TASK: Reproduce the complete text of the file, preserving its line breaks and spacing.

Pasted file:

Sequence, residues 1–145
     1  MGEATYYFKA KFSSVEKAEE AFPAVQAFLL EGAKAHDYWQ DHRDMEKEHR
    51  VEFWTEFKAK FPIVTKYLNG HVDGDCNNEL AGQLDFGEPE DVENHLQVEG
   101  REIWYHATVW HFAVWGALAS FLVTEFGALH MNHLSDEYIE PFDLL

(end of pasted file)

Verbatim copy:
Sequence, residues 1–145
     1  MGEATYYFKA KFSSVEKAEE AFPAVQAFLL EGAKAHDYWQ DHRDMEKEHR
    51  VEFWTEFKAK FPIVTKYLNG HVDGDCNNEL AGQLDFGEPE DVENHLQVEG
   101  REIWYHATVW HFAVWGALAS FLVTEFGALH MNHLSDEYIE PFDLL